Shakir, whose family traces its roots to Godhra in Gujarat, says Rukaiya developed spasticity and mental retardation as a baby, and has become weaker with the years. She started developing the condition when she was about eighteen months old, he says.

In 1997, their father died, and in 2012, they lost their mother to a prolonged illness. Since 2011, Shakir has been taking care of his sister. Since he doesn’t have a full-time job, the siblings make do with Shakir’s freelance copy- writing work and meagre financial help from their family.

“It has been quite an exhausting three years for me; but I never regretted my decision to give up so much to take care of her. I knew nobody else would. And I know she will be worse off at state rehabilitation homes or institutions," says Shakir. “I am sure a specialized caretaker will be better at caring for her. Besides the money that it would cost us, I am concerned about her acceptance of one. She likes to go out, eat out, and we have found a way to do all that and be happy," says Shakir. They often travel to Lamington Road for seekh kababs. .

“The incident at Stadium was a culmination of many such incidents. Indirect belittling of her, strange looks, excuses to keep us away from patrons—we have faced this everywhere we go. Taxis refuse us all the time. There are occasions when I take her to places many kilometres away on my feet and she on her wheelchair," he adds.

When denied entry at the juice centre on Lamington Road, Shakir approached the police, but they weren’t sure which section of the law would apply and what case to register.

Legal experts say The Persons with Disabilities (Equal Opportunities, Protection of Rights and Full Participation) Act, 1995, has largely failed to empower India’s disabled population of around 100 million. And a Bill to repeal it, The Rights of Persons with Disabilities Bill, introduced in the Rajya Sabha in 2013, is yet to become law. The draft attempts to assimilate the provisions of the UN Convention on the Rights of Persons with Disabilities (UNCRPD), which was ratified by India.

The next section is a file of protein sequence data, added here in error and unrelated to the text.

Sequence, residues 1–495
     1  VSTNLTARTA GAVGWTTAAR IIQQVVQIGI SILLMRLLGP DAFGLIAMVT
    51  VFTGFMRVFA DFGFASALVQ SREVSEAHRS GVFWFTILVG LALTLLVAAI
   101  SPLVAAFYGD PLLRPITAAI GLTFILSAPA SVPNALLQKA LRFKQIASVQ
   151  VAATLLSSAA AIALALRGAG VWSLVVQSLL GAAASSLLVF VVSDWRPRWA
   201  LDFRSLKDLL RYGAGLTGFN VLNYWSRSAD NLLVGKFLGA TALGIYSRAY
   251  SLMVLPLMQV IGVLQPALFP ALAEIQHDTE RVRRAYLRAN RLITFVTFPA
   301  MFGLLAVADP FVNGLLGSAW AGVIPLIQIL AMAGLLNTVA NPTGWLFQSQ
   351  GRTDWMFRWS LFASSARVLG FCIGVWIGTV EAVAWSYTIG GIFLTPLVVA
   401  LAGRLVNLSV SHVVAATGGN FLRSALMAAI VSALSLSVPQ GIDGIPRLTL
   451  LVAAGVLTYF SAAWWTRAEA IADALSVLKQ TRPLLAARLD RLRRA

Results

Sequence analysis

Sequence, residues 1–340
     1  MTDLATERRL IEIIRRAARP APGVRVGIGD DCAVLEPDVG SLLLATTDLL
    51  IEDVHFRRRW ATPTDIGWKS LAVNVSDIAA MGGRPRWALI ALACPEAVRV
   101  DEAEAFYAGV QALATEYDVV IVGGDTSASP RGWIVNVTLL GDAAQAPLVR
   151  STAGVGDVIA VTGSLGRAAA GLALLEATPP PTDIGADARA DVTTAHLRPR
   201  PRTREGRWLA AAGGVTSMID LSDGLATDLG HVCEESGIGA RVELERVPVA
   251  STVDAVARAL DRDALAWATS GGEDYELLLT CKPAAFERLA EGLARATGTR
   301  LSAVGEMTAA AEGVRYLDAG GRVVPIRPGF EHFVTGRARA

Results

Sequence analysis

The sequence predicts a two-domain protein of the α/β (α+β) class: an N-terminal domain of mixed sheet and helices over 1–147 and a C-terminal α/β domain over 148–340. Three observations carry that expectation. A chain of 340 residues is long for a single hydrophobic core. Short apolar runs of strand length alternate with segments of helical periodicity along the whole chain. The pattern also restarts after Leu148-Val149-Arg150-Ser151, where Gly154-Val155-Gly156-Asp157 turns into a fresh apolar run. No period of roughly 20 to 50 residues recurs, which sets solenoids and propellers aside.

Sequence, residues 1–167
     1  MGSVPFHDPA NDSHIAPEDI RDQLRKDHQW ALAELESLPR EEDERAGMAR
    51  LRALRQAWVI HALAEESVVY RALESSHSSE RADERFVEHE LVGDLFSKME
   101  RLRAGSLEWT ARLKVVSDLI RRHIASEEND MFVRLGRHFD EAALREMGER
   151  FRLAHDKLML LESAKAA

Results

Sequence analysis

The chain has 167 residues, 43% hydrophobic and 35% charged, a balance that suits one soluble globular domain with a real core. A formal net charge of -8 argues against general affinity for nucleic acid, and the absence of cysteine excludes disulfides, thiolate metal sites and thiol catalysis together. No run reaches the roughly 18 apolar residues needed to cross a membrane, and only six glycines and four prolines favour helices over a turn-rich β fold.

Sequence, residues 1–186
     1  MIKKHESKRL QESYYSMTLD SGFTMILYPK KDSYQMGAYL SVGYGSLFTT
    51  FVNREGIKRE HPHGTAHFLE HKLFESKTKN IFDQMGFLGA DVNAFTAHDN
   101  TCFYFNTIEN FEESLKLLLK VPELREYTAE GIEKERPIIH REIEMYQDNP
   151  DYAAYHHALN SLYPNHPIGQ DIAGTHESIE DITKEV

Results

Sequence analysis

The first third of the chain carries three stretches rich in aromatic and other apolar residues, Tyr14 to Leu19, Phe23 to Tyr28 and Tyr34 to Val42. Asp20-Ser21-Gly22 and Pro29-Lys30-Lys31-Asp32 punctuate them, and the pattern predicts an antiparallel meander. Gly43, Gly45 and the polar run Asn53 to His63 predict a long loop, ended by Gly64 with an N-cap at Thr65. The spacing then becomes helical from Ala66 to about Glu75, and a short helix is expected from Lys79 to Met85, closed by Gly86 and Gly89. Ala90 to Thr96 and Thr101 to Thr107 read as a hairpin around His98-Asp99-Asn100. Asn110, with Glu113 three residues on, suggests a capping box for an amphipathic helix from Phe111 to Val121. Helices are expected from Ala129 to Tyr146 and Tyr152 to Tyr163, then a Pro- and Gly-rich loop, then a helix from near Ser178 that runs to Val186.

The Bill has received mixed responses. Pankaj Sinha, a New Delhi-based advocate who takes up cases related to the rights of the disabled in the high court and Supreme Court, says, “The law can’t provide absolute protection and dignity to the disabled population until there is social security available for them, in the form of a minimum wage." The private and the government sectors have devised their own procedures. “Airports will have a set of rules, for example," says Sinha, “but there is no centralized mechanism to help." The Virpurwalas can claim some form of compensation if they use the UNCRPD provisions, he says.

Shakir was initially hesitant to be interviewed because Rukaiya does not like questions. “She is smart enough to recognize who a journalist is," Shakir says, jokingly. “If our story is just a great one-time read, it is a pity."

He is active on WhatsApp and Twitter, sharing news, photos and information. Photos of the Virpurwala siblings continue to circulate on social media.

They want to be seen. They want to be embraced.